New winegrape research looking at irrigation levels has produced some positive results for growers in coastal areas of California. Lead author of a research paper that was recently published, Kaan Kurtural said their work shows promise for future irrigation strategies. Kurtural and his team studied the impact of various irrigation approaches at a research vineyard in Napa Valley over two seasons.
“We found out that winegrapes can get by with 50 percent of the evapotranspiration demand in the coastal areas,” Kurtural noted. “There was a good happy-medium at this replacement rate with the fruit composition. Meaning that we were optimizing the fruit composition from anthocyanins, to flavonols, to tannins without any significant loss in yield.”
Kurtural, who is an Extension Specialist and Professor of Viticulture and Enology at UC Davis, said they looked at water replacement levels of 25 percent and 50 percent. The winegrape research also included the measuring of carbohydrate content and evaluation of the fruit produced. Kurtural explained that they looked at the relationship the vines had with the endemic fungi in the soil. Upon evaluation, the vines irrigated at the 50 percent rate maintained a healthy soil profile. When compared to the “control vines” that received 100 percent of the water lost to evapotranspiration, the grapevines that received half the irrigation that would normally be used allowed the vines to maintain yield quantity and fruit quality.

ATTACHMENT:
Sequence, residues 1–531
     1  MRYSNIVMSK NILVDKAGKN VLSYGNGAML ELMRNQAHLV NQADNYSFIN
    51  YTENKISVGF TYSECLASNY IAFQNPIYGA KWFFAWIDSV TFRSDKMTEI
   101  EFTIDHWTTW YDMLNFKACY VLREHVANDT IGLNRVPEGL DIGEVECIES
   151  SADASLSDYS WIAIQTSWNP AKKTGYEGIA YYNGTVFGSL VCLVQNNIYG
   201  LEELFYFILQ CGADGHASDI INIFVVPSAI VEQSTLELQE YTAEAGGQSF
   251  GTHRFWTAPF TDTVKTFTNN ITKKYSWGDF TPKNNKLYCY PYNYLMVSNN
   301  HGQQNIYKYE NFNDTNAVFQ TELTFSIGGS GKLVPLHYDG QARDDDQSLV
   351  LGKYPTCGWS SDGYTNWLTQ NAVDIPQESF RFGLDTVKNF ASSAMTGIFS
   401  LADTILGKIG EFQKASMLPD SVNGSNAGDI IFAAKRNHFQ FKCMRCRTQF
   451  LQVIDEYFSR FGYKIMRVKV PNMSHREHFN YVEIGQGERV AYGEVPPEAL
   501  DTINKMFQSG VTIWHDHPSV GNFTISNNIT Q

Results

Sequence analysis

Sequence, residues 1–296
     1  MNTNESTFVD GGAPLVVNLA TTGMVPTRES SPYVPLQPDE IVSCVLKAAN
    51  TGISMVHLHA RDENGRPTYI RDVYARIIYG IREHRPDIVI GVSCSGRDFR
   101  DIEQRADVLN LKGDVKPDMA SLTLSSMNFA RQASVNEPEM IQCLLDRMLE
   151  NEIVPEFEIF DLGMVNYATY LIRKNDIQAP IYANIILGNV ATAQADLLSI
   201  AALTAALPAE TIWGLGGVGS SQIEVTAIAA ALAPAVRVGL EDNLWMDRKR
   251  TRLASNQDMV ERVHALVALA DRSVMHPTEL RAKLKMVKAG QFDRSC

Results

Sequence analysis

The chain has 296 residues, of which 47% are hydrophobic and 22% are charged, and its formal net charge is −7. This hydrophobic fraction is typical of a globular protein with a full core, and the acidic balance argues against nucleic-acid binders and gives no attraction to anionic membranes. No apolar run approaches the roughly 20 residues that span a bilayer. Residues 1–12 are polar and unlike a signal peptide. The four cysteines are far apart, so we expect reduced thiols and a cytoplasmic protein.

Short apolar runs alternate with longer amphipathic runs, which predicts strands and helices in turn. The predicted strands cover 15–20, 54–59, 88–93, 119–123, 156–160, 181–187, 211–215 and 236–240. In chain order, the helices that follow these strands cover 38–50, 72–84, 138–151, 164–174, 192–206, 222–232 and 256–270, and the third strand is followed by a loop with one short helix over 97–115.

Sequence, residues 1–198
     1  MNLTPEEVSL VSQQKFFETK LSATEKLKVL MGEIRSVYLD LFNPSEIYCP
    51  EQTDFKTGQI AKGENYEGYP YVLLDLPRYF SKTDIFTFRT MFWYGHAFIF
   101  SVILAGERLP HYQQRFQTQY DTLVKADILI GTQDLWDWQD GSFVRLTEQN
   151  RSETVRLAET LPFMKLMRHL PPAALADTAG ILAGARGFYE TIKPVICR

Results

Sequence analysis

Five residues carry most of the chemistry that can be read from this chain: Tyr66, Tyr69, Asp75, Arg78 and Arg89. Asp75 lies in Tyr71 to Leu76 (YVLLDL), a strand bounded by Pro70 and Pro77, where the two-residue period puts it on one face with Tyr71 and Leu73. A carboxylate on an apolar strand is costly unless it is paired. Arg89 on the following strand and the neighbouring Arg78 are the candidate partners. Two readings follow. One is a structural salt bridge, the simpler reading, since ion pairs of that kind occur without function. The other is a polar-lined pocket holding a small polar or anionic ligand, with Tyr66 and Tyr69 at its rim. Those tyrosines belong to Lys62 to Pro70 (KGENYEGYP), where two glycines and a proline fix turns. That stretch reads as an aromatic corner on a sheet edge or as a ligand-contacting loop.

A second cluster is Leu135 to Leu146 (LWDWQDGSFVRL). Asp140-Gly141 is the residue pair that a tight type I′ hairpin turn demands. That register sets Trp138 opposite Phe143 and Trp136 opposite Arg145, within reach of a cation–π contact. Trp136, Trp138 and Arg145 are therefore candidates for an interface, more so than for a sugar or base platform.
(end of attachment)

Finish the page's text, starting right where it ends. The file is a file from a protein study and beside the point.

“Having the knowledge at hand will be helpful for the growers. They were asking, ‘well, we’re at so many inches in deficit, should we over-irrigate this year to make up for the loss?’ But it doesn’t look like you need to with winegrapes. So, it’s a good finding moving forward,” said Kurtural. “You don’t necessarily have to give up the yield to get the quality with the reduced amount of water application.”